Smoked Pork Tenderloin - So Lean and Delicious
While much of the pork that we smoke and grill is anything but healthy, smoked pork tenderloin rivals lean white meat chicken in calories, fat and cholesterol. Eat it because it tastes amazing and enjoy the fact that it’s also healthy!
Servings 4 -6
- Pork Tenderloin (usually come 2 to a package)
- Mayonnaise (optional)
- Yellow mustard (optional)
- Jeff's original rub recipe (purchase recipes here)
- Jeff's Texas style rub recipe (purchase recipes here)
Step 1: Rinse
These often come packaged in sets of (2) and it rarely says so on the package for some reason. A good way to tell is by the weight-- most tenderloins will weigh around 1 lb each so a 2 lb package probably has (2) tenderloins. If it says 1.17 lbs, there's probably only one in there.
Remove these from the package and give them a good rinse under cold water.
Pat dry with a paper towel and lay them on the cutting board.
Step 2: Remove Silverskin
Use a very sharp knife to remove the silverskin that will often be along one side.
Slip the knife under one end and just follow it to the end. If you miss a part of it, just give it another go.
While you have the knife in hand, it's a good idea to remove any excess fat as well.
Step 3: Apply Rub
I normally use my original rub on all pork but I wanted to try out the Texas style recipe on these pork tenderloins so I did one with the original recipe and one with the Texas style recipe.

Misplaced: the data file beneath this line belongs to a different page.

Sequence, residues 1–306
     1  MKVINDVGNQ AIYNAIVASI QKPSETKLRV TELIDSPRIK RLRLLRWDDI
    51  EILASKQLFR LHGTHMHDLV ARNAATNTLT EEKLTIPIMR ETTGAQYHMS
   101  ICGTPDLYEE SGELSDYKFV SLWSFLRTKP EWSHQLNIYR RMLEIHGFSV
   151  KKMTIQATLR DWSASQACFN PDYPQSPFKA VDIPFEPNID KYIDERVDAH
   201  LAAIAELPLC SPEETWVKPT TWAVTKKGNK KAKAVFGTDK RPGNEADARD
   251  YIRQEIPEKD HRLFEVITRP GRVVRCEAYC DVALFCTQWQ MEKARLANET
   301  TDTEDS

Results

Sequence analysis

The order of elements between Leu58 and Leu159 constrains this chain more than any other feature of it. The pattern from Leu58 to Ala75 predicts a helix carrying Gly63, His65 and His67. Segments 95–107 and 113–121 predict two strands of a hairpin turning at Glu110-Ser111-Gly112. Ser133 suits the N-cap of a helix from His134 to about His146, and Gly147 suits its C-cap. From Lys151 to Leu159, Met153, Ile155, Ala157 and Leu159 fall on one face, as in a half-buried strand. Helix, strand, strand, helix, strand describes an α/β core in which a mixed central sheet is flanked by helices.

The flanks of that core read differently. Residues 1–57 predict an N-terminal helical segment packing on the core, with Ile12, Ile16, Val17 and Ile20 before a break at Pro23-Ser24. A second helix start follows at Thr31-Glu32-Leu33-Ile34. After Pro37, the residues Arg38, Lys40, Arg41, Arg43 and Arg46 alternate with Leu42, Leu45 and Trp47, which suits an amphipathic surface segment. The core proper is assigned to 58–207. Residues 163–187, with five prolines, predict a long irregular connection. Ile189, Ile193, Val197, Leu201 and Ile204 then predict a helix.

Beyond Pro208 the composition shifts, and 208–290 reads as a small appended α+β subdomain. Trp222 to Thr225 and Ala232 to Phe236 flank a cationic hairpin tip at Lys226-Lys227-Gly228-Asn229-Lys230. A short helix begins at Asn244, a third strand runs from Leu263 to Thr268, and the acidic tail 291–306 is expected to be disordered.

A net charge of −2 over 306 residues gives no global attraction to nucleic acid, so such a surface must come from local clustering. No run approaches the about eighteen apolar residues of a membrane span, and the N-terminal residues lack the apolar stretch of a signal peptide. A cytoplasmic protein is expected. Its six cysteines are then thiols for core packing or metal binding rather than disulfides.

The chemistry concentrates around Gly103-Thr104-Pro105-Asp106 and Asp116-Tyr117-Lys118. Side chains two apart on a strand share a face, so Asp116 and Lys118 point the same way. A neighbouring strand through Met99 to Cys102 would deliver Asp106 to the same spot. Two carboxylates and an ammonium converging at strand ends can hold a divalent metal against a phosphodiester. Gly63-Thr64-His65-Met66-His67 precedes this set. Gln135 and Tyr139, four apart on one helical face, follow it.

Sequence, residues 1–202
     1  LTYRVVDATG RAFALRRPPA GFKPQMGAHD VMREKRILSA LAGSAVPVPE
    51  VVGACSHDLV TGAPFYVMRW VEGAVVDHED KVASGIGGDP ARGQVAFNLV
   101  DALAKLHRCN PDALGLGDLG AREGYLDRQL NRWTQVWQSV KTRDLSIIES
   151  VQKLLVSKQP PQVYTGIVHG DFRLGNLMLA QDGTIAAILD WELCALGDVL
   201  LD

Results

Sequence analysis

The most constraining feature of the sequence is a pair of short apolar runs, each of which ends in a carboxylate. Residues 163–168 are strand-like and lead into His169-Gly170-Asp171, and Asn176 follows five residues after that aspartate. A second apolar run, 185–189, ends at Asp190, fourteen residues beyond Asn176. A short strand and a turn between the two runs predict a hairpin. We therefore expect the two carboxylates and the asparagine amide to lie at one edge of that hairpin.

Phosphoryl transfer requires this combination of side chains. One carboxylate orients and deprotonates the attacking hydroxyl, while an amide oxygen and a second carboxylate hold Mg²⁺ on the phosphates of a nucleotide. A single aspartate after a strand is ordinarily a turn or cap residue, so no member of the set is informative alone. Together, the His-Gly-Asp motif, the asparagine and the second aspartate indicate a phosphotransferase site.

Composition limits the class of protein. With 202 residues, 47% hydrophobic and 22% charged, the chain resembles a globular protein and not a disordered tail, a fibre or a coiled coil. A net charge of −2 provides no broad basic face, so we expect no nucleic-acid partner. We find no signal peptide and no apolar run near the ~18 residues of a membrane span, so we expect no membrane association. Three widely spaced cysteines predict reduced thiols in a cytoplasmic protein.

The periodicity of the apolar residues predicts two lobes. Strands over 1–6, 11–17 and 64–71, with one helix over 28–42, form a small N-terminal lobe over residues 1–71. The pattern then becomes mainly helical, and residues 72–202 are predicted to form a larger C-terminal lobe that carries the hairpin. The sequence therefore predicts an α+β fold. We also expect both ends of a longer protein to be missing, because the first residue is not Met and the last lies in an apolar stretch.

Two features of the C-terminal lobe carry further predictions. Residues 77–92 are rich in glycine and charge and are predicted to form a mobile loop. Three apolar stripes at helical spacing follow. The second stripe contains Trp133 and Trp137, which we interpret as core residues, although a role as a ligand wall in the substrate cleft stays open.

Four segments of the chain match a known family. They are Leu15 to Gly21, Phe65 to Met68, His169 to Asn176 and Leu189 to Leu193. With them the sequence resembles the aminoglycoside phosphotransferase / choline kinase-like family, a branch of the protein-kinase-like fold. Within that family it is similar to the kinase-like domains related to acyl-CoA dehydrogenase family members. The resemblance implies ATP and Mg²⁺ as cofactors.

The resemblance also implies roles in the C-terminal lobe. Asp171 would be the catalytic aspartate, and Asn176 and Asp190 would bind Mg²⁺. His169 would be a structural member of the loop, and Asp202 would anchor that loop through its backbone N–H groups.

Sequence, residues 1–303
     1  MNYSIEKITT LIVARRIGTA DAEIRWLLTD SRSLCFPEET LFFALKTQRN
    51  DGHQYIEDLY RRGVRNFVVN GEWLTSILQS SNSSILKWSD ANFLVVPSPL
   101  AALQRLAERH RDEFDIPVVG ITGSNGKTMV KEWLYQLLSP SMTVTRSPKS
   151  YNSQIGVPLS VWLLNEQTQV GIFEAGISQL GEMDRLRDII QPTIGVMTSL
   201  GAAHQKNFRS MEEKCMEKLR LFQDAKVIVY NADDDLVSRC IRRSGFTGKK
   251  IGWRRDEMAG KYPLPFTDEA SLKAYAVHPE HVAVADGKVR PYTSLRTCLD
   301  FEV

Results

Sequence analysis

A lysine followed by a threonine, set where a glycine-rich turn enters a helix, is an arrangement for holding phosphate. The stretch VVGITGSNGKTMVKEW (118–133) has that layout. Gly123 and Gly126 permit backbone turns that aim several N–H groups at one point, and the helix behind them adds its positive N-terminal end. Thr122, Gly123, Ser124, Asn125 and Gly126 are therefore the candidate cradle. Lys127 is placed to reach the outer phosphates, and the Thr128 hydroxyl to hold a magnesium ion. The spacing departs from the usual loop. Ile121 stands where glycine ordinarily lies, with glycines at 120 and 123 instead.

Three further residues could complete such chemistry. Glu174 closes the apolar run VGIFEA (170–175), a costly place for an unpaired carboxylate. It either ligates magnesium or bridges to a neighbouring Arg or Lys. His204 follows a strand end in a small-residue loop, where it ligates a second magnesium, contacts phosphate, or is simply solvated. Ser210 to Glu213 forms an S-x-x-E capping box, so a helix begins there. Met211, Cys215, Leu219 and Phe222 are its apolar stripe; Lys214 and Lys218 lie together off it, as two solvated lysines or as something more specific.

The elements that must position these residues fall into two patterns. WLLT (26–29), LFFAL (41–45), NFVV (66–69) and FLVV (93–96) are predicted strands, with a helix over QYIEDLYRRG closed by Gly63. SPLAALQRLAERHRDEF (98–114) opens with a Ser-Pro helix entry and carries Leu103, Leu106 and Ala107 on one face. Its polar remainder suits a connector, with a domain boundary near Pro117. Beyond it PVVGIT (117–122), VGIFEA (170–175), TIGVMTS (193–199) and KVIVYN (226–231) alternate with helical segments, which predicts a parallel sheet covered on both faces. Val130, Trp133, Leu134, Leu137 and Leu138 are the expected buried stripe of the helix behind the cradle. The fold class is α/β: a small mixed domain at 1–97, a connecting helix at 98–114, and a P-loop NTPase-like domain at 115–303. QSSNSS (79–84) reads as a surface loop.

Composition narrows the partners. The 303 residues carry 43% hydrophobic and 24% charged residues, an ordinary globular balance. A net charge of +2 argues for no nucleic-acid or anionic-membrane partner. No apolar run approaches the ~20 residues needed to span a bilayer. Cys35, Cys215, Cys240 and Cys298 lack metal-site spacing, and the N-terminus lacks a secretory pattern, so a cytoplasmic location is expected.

As an afterthought, I also decided to use a different sticking base for each one.
Mayonnaise contains oil and egg and makes a great base for applying rub and helping it to stick. I often use this on chicken but felt it would marry better with the Texas style rub recipe.
I used my normal mustard base with the original rub recipe on the other pork tenderloin.
Make sure to get the rub applied well to all sides and the ends.
Step 4: Set up Smoker
Set up your smoker for cooking at about 225-240°F.
If your smoker came with a water pan, use it.
When your smoker is up to temperature and holding steady, it's time to cook.
Step 5: Smoke Cook
I placed the tenderloins on a Bradley rack to make it easy but you can also just place them directly on the smoker grate.
Keep the smoke going for at least 30 minutes but it's ok to keep a light smoke going for the entire time as well.
I highly recommend the use of a remote digital probe meat thermometer.
Is it vitally important that the pork tenderloin be removed from the smoker at 145°F. This is the safe temperature for pork.
Step 6: Serve
Place a foil pan or a piece of foil over the tenderloins for about 10 minutes to let them rest.
Once rested, slice the pork into pieces and serve immediately.